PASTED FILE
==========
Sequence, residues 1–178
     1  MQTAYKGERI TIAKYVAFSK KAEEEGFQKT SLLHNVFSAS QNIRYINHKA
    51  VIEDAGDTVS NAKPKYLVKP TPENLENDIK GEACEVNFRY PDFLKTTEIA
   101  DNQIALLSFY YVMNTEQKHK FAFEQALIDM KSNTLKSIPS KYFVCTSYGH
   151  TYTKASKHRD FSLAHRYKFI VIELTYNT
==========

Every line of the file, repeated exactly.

Sequence, residues 1–178
     1  MQTAYKGERI TIAKYVAFSK KAEEEGFQKT SLLHNVFSAS QNIRYINHKA
    51  VIEDAGDTVS NAKPKYLVKP TPENLENDIK GEACEVNFRY PDFLKTTEIA
   101  DNQIALLSFY YVMNTEQKHK FAFEQALIDM KSNTLKSIPS KYFVCTSYGH
   151  TYTKASKHRD FSLAHRYKFI VIELTYNT